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'Wrong Tool' for Rare Variants

A new study has found that SNP chips do not reliably identify rare disease-linked variants, CNN reports.

Researchers from the University of Exeter College of Medicine and Health conducted a retrospective analysis of the sensitivity and specificity of genotyping by SNP chip versus sequencing of nearly 50,000 people from the UK Biobank and the Personal Genome Project. As they report in the BMJ, SNP chips performed well and had high sensitivity, specificity, positive predictive value, and negative predictive value for more than 108,500 common variants. 

However, the more rare the variant tested, the worse the approach performed, the researchers found. For instance, for pathogenic variants in BRCA1 and BRCA2, they report SNP chips had a sensitivity of 34.6 percent, a specificity of 98.3 percent, a positive predictive value of 4.2 percent, and a negative predictive value of 99.9 percent, as compared to sequencing.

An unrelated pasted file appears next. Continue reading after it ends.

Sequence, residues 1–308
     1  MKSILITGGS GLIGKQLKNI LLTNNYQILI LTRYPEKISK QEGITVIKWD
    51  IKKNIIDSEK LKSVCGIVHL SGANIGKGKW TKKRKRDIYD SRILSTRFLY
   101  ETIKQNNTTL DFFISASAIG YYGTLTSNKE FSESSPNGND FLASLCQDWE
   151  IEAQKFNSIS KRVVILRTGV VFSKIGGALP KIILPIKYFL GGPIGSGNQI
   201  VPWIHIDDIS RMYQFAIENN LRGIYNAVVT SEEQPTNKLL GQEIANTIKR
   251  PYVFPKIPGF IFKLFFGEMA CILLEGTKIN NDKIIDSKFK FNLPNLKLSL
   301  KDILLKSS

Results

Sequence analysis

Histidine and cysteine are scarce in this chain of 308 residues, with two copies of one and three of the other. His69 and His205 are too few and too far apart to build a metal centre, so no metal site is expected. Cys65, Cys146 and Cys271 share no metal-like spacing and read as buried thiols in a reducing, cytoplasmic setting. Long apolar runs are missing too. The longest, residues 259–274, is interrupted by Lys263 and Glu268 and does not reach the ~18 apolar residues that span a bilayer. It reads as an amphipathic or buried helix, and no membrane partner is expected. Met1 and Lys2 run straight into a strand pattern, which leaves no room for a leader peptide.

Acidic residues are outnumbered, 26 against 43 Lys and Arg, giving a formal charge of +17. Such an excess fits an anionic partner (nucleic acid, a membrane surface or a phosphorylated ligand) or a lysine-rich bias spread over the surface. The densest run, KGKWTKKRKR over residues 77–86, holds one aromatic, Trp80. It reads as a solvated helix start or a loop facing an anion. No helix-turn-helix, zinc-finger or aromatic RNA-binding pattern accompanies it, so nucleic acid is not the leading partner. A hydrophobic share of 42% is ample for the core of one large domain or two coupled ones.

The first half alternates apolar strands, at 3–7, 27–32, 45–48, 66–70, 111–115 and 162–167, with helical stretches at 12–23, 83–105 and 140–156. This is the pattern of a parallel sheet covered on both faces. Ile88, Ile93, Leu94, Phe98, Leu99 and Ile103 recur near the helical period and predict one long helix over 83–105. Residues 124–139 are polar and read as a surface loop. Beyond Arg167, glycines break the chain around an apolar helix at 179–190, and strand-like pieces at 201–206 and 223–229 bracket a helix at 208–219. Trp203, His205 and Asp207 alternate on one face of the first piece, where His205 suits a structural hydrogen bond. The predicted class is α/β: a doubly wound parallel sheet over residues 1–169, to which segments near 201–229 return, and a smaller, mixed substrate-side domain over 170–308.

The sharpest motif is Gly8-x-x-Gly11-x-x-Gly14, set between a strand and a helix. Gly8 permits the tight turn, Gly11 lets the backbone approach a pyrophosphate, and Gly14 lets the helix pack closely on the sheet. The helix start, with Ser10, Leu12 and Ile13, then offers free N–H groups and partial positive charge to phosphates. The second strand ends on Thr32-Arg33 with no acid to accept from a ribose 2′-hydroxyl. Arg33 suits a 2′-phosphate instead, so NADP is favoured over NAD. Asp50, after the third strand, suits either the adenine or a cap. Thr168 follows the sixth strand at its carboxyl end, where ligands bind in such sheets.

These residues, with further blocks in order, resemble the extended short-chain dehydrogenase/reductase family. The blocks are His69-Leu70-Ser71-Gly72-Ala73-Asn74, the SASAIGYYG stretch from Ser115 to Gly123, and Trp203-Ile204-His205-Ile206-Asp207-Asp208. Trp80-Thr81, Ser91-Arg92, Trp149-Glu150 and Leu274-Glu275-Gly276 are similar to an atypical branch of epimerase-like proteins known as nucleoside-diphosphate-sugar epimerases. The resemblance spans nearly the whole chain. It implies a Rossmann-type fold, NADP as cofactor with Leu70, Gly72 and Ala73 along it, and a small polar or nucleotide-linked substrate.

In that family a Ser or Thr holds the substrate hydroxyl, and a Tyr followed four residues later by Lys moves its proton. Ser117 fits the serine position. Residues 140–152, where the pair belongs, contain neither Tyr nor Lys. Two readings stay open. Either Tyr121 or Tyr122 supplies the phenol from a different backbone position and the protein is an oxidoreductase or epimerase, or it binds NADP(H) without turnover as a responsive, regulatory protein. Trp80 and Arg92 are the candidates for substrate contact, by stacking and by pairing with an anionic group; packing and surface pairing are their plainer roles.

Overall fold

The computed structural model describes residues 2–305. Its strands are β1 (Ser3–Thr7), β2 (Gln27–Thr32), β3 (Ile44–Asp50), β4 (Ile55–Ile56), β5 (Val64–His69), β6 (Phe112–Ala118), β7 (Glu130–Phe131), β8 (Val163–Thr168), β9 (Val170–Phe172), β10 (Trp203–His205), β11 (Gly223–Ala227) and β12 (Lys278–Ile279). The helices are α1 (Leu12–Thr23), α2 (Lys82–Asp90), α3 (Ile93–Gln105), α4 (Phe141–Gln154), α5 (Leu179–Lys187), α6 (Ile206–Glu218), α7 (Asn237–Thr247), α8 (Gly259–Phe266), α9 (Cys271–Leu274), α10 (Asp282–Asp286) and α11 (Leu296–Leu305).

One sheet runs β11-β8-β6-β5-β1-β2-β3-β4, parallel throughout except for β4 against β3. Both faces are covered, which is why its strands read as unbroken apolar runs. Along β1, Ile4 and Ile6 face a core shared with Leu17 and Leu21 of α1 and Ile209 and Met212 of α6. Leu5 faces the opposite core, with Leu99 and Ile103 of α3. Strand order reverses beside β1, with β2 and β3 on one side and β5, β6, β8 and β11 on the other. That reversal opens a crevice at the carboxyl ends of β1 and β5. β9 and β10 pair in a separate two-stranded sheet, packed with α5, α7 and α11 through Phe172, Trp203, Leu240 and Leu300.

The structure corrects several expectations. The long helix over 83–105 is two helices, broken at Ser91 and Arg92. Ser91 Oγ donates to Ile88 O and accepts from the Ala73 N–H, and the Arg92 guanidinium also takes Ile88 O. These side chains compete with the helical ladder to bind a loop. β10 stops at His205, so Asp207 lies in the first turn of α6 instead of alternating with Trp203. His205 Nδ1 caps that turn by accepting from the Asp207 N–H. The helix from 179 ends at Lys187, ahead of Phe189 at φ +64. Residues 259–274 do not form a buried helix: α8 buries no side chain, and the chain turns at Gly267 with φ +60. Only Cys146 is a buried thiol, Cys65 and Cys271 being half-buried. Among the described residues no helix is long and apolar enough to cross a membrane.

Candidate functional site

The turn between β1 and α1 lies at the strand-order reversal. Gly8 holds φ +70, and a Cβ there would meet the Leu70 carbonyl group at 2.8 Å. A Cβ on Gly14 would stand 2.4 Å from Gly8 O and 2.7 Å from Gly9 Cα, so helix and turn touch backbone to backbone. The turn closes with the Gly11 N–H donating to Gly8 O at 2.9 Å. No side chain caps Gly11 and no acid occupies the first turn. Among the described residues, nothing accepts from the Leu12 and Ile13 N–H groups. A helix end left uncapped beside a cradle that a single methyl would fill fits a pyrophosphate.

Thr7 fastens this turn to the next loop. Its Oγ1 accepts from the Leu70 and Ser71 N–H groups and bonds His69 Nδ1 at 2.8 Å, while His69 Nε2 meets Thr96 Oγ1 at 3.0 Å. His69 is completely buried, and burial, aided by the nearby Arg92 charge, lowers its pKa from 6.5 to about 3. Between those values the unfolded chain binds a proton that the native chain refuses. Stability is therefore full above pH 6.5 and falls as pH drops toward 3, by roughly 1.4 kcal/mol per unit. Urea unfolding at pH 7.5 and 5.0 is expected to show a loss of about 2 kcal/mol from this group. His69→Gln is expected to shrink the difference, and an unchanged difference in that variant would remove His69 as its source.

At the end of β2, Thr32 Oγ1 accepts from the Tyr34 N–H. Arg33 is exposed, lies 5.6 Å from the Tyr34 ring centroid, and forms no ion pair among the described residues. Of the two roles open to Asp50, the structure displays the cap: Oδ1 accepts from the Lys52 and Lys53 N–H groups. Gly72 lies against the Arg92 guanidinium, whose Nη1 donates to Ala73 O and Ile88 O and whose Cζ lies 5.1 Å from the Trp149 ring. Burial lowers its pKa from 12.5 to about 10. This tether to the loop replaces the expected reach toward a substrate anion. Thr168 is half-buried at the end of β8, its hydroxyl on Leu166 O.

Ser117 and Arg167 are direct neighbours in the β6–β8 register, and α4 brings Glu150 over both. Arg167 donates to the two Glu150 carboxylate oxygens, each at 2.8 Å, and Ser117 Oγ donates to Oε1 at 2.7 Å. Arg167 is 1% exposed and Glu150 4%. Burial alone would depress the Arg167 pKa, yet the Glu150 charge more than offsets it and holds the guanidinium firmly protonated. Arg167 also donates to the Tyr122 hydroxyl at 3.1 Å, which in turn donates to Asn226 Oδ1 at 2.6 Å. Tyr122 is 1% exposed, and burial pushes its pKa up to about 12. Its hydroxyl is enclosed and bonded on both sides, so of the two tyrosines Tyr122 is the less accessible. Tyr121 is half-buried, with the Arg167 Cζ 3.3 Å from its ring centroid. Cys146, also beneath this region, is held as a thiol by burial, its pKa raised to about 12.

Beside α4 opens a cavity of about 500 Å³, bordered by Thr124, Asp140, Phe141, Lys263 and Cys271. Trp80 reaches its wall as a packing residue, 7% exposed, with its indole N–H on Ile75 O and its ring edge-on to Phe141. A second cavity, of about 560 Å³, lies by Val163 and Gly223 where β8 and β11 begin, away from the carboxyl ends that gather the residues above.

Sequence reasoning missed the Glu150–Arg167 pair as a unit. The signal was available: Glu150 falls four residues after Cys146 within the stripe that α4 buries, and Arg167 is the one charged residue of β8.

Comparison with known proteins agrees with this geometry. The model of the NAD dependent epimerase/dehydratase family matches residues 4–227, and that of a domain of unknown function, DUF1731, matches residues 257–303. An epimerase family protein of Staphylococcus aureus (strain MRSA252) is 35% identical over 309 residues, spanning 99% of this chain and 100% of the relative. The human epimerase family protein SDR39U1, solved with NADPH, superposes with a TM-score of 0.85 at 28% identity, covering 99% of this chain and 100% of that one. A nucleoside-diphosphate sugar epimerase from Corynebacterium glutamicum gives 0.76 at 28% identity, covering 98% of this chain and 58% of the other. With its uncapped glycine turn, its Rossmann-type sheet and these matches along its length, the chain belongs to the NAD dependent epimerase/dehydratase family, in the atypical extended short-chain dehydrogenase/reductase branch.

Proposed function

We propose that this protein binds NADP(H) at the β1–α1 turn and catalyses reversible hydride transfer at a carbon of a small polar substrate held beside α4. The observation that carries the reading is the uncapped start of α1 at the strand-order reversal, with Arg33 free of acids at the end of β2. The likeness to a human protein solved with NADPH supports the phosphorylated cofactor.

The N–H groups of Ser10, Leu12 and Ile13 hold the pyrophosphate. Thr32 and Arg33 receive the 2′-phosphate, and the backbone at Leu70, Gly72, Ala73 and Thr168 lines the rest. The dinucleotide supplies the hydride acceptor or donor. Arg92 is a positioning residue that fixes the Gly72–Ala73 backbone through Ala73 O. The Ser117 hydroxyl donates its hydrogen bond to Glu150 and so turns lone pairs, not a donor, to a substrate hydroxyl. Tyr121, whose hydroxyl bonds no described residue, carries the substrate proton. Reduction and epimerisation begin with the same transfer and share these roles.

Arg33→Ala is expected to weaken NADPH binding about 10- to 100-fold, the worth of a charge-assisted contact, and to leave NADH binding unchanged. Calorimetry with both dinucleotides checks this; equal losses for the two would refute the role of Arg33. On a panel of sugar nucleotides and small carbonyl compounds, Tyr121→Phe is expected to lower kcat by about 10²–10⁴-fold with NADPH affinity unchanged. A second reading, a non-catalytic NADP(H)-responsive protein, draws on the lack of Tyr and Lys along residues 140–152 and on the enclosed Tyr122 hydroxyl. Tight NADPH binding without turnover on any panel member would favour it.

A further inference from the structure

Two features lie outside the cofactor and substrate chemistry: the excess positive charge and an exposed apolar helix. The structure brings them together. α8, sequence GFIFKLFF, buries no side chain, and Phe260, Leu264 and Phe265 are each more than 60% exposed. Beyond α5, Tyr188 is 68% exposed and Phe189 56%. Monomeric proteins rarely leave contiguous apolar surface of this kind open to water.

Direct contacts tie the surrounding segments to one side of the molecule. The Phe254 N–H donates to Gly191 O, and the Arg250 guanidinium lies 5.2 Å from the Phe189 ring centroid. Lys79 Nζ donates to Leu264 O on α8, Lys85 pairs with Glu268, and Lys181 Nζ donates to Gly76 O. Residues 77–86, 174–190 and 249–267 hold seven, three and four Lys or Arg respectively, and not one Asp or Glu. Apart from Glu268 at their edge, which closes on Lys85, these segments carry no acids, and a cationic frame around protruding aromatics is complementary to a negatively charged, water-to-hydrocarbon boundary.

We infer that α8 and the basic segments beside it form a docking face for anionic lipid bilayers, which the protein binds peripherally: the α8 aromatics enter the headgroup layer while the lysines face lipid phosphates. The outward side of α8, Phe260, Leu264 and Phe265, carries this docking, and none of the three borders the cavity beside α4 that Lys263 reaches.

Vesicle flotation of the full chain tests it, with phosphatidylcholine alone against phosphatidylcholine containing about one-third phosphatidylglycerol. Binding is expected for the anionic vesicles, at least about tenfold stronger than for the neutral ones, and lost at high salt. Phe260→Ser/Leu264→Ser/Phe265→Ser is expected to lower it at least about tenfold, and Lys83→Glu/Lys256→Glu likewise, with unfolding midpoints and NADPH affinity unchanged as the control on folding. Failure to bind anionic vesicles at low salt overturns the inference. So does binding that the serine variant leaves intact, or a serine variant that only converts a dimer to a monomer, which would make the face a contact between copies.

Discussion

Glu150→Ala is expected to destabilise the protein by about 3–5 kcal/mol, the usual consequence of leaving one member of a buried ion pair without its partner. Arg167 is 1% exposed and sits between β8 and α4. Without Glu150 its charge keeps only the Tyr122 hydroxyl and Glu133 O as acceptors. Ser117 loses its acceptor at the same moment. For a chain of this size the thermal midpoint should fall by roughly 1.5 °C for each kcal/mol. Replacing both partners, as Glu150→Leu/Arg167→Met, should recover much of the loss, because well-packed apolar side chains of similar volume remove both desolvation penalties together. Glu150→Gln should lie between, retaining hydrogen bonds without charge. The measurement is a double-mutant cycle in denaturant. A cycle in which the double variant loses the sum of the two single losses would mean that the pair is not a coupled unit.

"SNPs are just the wrong tool for the job when it comes to rare variants," study co-author Caroline Wright, professor of genomic medicine at Exeter, tells CNN. "They're excellent for the common variants that are present in lots of people, but the rarer the variant is, the less likely they are to be able to correctly detect it."

The Scan

Renewed Gain-of-Function Worries

The New York Times writes that the pandemic is renewing concerns about gain-of-function research.

Who's Getting the Patents?

A trio of researchers has analyzed gender trends in biomedical patents issued between 1976 and 2010 in the US, New Scientist reports.

Other Uses

CBS Sunday Morning looks at how mRNA vaccine technology could be applied beyond SARS-CoV-2.

PLOS Papers Present Analysis of Cervicovaginal Microbiome, Glycosylation in Model Archaea, More

In PLOS this week: functional potential of the cervicovaginal microbiome, glycosylation patterns in model archaea, and more.